Last up is brokerage firm TD Ameritrade ( AMTD), the one firm that's primed to benefit most directly from a rally in stocks -- and its chart shows it. AMTD has gotten hammered over the last year, underperforming the broad market by around 20% since last January. That's come largely at the hands of prolonged low trading volumes for stocks and historically low interest rates earned on its cash float -- an equity rally fixes both of those problems.

But that's a long-term thesis. In the short term, the double-bottom breakout in AMTD holds the key to gains. A double bottom is a reversal pattern that's formed by two swing lows that bottom out at approximately the same price level. They're separated by a peak, a level that marks the trigger point for this trade. AMTD broke out above its peak on Wednesday, confirming the move with yesterday's open and close above that level.

This is a long-term pattern, and as a result, it's got long-term trading implications. That means that we could see AMTD move higher pretty quickly over the next couple of months. RSI adds some extra confidence to this trade as well - but price is the most important thing to watch here for an entry. I'd recommend going long on this stock's next white bar day; then, I'd recommend keeping a protective stop in place just below $15.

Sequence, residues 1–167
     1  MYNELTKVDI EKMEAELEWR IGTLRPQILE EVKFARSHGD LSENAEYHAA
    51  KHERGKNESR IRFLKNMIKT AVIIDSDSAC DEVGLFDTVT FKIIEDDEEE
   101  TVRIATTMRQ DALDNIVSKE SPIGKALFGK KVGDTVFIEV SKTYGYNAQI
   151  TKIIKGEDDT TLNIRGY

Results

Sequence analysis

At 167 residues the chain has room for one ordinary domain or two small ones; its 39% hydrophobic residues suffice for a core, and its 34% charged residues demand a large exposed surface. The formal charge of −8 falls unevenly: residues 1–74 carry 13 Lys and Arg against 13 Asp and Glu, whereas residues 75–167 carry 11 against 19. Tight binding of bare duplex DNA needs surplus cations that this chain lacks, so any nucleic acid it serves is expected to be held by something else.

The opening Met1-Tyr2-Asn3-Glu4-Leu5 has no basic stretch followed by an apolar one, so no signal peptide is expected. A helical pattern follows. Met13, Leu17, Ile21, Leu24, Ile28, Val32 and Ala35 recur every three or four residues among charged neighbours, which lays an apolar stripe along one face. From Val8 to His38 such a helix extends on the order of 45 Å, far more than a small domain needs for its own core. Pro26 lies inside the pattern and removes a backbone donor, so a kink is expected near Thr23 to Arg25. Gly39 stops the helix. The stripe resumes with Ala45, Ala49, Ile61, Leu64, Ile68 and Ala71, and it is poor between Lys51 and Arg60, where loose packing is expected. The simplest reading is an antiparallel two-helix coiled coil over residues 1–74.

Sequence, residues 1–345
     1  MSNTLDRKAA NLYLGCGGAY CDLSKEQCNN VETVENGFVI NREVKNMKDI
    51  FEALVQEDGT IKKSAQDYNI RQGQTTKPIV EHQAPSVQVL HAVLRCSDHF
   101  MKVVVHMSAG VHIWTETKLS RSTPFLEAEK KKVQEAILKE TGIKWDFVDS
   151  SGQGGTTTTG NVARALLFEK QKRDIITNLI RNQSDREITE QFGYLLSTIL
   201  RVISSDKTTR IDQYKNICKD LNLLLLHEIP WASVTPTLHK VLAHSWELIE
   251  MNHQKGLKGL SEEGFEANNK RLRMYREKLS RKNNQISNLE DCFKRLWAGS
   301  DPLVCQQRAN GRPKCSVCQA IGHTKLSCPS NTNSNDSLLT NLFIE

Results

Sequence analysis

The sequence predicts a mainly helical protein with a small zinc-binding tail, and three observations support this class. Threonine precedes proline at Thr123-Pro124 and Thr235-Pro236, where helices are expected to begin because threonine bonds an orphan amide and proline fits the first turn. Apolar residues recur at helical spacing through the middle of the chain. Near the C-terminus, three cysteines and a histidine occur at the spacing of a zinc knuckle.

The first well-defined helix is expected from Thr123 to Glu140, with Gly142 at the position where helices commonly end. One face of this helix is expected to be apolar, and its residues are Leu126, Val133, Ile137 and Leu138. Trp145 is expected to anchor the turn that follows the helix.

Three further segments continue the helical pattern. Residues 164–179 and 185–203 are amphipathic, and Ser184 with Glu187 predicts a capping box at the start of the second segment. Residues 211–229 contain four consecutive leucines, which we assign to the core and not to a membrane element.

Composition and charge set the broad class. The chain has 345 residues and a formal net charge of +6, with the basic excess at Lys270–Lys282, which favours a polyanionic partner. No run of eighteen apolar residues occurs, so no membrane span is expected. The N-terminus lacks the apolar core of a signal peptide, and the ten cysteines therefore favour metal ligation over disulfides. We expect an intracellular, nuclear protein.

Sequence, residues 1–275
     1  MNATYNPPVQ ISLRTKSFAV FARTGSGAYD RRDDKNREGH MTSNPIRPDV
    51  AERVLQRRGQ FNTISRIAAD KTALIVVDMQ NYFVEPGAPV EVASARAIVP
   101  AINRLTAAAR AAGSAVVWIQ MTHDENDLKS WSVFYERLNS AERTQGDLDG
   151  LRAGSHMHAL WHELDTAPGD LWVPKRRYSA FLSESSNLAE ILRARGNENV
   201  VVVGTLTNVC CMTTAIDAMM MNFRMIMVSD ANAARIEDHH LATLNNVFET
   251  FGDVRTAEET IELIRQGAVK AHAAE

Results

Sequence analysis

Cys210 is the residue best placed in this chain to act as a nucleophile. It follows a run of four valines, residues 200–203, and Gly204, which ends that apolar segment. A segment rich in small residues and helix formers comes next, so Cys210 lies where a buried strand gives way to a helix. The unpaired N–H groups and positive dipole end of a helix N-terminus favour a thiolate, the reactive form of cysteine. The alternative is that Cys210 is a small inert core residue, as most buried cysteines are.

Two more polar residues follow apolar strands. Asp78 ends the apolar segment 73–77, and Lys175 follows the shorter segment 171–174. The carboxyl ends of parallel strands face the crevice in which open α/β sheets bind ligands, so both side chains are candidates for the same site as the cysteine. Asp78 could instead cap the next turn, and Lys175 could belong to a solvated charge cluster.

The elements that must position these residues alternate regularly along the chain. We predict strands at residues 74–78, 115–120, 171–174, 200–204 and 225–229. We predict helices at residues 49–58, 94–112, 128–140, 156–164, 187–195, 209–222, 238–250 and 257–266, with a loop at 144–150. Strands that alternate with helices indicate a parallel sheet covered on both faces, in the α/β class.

To see this week's trades in action, check out this week's Must-See Charts portfolio on Stockpickr.

-- Written by Jonas Elmerraji in Baltimore.


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At the time of publication, author had no positions in stocks mentioned.

Jonas Elmerraji, CMT, is a senior market analyst at Agora Financial in Baltimore and a contributor to
TheStreet . Before that, he managed a portfolio of stocks for an investment advisory returned 15% in 2008. He has been featured in Forbes , Investor's Business Daily , and on CNBC.com. Jonas holds a degree in financial economics from UMBC and the Chartered Market Technician designation.